By Professor THOMAS BODKIN
THE ILLUMINATED BOOK, by David Diringer (Faber and 'Faber, £6 6s.).
IN his brief modest preface, Dr.
Diringer describes this exhaustive work as an up-to-date "synthesis" of our present knowledge of illuminated books from the first known Egyptian illustrated papyrus, done about the year 2000 B.C., to the latest products of the Renaissance.
It might he better described as a "compendium", for it offers the reader little by way of critical or historical comment, though it provides an amazing wealth of names, dates and brief descriptions, arranged in sequence and illustrated by 273 small but clear and well-selected illustrations in monochrome and six full-page ones in colour.
The chapter-headings and the index make it possible to trace a reference to every outstanding illuminated manuscript executed during the last 4,000 years and still surviving. This prodigious feat of learning has not resulted in a text that makes easy reading. The main value of the work is that of a guide to fuller sources of information which are set out in a series of excellent bibliographies.
`Hours of Turin' OCCASIONALLY, the necessity for condensation has made it difficult to track down A particular manuscript. For example, the index contains no reference to the brothers van Eyck, nor to Trivulzio, nor to "The Hours of Turin". Nor is that manuscript mentioned tinder the heading -Milan. Arnbrosian Library", where most of what is left of it now reposes.
The diligent searcher will find that it is mentioned on pages 399 and 440, though he is told nothing about its recent history, nor of its extreme importance to arthistorians, which lies in the fact that the greatest connoisseurs of early Flemish painting, from Georges Hullin de Loo to Max. J. Friedlander, have held that some of its miniatures were painted by the van Eycks before they won fame.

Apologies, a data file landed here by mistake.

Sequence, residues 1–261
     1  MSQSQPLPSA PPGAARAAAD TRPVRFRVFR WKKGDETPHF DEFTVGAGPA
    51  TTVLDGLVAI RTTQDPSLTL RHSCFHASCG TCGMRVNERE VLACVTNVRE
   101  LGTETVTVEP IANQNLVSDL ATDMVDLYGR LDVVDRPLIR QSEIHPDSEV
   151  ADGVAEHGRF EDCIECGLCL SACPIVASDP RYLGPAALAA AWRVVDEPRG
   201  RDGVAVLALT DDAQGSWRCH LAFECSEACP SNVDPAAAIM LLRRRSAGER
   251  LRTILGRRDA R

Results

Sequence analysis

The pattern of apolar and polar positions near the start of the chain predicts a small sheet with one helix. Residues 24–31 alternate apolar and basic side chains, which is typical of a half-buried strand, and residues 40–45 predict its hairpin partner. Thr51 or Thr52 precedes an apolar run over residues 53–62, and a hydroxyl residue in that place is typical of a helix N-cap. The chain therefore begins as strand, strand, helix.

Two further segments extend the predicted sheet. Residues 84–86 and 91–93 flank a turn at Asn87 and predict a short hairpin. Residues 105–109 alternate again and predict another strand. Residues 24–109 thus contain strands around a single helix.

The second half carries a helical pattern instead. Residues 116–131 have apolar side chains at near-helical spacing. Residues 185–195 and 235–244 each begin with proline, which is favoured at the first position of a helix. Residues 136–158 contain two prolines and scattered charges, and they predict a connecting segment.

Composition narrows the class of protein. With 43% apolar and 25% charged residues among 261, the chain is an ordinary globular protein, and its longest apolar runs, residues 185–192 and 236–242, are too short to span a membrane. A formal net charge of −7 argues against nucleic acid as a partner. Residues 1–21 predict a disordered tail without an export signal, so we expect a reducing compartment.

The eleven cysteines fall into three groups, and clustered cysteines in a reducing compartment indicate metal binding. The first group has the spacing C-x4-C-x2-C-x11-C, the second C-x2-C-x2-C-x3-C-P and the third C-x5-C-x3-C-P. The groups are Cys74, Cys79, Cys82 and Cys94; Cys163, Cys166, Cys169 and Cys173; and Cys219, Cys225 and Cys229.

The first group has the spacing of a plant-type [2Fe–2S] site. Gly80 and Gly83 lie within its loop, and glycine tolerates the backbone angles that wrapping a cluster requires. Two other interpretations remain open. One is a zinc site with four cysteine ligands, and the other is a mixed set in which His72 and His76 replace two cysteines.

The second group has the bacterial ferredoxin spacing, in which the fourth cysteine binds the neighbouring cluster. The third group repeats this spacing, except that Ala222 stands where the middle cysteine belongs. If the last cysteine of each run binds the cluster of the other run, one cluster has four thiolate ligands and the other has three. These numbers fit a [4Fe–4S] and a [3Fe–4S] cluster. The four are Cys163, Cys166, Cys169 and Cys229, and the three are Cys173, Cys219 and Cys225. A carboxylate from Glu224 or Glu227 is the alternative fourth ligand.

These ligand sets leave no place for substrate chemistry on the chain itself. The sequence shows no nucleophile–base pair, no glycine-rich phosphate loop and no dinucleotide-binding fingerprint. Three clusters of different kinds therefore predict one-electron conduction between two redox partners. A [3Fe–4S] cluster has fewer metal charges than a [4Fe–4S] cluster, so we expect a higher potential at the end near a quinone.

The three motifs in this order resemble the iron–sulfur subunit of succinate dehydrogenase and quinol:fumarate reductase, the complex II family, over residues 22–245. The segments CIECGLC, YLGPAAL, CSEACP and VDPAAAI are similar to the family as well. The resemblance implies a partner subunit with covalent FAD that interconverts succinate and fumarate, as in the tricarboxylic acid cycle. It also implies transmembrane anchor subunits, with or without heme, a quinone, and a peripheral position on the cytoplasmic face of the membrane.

In 1904, many pages of this marvellous book were accidentally burnt, fortunately not before they were photographed. Since then other pages have come to light and provide further evidence for the attribution of several of them to the van Eycks.
Doubtless this exciting theory about its authorship is wellknown to such a fine scholar as Dr. Diringer, and lack of space has alone constrained him to omit all mention of it. Only by the most severe pruning can he have managed to condense his text to 524 pages and to offer it for the moderate price of six guineas.
It is not likely that many private individuals will feel able to afford that sum or to find room for the stout volume in the restricted accommodation of the modern flat, though everyone who is interested in literature, art, or religion will find frequent occasion to consult it; and no library worthy of the name can afford to be without a copy.